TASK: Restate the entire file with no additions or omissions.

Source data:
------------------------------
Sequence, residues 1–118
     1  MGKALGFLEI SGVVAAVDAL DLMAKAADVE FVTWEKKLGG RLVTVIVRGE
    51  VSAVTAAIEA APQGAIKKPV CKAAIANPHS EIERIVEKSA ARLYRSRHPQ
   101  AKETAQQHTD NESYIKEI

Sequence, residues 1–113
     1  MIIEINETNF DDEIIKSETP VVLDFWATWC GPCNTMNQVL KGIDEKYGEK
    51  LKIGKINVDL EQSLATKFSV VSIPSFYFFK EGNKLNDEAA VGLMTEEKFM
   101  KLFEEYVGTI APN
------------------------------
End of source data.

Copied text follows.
Sequence, residues 1–118
     1  MGKALGFLEI SGVVAAVDAL DLMAKAADVE FVTWEKKLGG RLVTVIVRGE
    51  VSAVTAAIEA APQGAIKKPV CKAAIANPHS EIERIVEKSA ARLYRSRHPQ
   101  AKETAQQHTD NESYIKEI

Sequence, residues 1–113
     1  MIIEINETNF DDEIIKSETP VVLDFWATWC GPCNTMNQVL KGIDEKYGEK
    51  LKIGKINVDL EQSLATKFSV VSIPSFYFFK EGNKLNDEAA VGLMTEEKFM
   101  KLFEEYVGTI APN